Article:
Uncovering the role of genes versus training for human performance
While it is widely accepted that exercise is beneficial for health, we are only beginning to understand the genetic pathways that may underlie these benefits. A recent review article by Wu Tsai Human Performance Alliance faculty member Euan Ashley and colleagues sheds light on the interplay between genes, exercise, and performance. The article appears in the September 14 issue of Nature Reviews Genetics.
The article synthesizes the results of over 150 scientific studies to map what is currently known. A recurring observation is the synergistic interactions between nature and nurture. Take the gene “ACTN3” as an example. “ACTN3” affects the structure and function of muscle, specifically, whether a muscle is a type that fatigues easily or one with more stamina. What’s more, this effect can be made stronger with endurance training. It’s a phenomenon observed across a number of genes: endurance training on top of endurance genetics begets greater performance.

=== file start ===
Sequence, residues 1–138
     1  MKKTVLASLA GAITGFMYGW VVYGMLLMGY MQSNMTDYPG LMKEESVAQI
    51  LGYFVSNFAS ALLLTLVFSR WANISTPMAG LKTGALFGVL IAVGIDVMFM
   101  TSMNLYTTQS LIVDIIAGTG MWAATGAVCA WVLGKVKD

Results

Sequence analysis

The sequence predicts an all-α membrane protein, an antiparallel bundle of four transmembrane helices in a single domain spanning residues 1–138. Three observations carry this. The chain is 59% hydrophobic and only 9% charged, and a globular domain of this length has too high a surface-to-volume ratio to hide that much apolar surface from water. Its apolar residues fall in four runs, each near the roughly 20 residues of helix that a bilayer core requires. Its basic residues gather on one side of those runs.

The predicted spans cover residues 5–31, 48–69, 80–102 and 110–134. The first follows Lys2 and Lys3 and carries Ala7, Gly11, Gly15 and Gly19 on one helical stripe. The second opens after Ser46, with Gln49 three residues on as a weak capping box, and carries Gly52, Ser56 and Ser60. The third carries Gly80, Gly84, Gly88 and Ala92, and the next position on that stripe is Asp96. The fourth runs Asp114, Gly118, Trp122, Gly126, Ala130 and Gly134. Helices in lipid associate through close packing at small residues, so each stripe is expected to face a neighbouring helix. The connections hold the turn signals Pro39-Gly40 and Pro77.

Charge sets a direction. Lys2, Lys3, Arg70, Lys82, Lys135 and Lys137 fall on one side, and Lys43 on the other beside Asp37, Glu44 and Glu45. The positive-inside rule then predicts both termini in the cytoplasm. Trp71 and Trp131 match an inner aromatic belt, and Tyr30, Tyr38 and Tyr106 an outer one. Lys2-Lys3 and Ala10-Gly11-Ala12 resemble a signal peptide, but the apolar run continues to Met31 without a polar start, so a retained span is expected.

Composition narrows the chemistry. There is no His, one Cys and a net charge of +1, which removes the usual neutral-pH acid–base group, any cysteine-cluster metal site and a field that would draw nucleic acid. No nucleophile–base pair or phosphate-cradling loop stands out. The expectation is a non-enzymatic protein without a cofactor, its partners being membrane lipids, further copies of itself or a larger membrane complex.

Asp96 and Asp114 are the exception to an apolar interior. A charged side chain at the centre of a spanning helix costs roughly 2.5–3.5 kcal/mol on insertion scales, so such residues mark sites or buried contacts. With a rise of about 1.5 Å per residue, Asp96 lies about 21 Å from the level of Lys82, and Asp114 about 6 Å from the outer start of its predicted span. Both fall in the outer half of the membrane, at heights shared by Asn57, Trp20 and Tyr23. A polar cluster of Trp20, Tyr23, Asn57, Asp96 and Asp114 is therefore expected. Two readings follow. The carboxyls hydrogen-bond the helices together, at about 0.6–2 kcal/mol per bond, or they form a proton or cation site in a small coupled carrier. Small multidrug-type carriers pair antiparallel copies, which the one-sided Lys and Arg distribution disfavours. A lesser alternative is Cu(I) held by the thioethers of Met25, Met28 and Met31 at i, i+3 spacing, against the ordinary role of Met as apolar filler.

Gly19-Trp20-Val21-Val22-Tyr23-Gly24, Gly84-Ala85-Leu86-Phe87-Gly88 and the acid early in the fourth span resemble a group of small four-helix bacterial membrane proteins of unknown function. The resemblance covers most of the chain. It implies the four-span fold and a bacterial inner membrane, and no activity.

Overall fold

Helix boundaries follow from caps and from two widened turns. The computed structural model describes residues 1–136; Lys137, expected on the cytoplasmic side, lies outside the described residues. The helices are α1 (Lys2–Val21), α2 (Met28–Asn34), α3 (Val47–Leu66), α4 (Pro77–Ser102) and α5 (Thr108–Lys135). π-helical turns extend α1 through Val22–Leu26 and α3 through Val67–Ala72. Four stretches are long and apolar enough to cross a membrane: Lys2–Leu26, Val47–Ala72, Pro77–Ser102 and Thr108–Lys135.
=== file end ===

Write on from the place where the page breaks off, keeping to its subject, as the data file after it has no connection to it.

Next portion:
Muscles aren’t the only players in the endurance game. The studies presented weave a complex interaction between genes and pathways relating to the heart, brain, blood, and even bacteria in the gut. There are incredibly detailed changes that happen on subcellular levels, right down to the mitochondria (recall, the powerhouse of the cell).
There remain many gaps in our understanding about the role of genes in endurance exercise, though. Ashley hopes to fill in some of those gaps through his ELITE study, which is studying the world’s most elite endurance athletes.
Ashley is the Associate Dean and the Roger W. and Joelle G. Burnell Professor of Genomics and Precision Health at the Stanford School of Medicine. He co-leads the Molecular Athlete project at the Wu Tsai Human Performance Alliance at Stanford.
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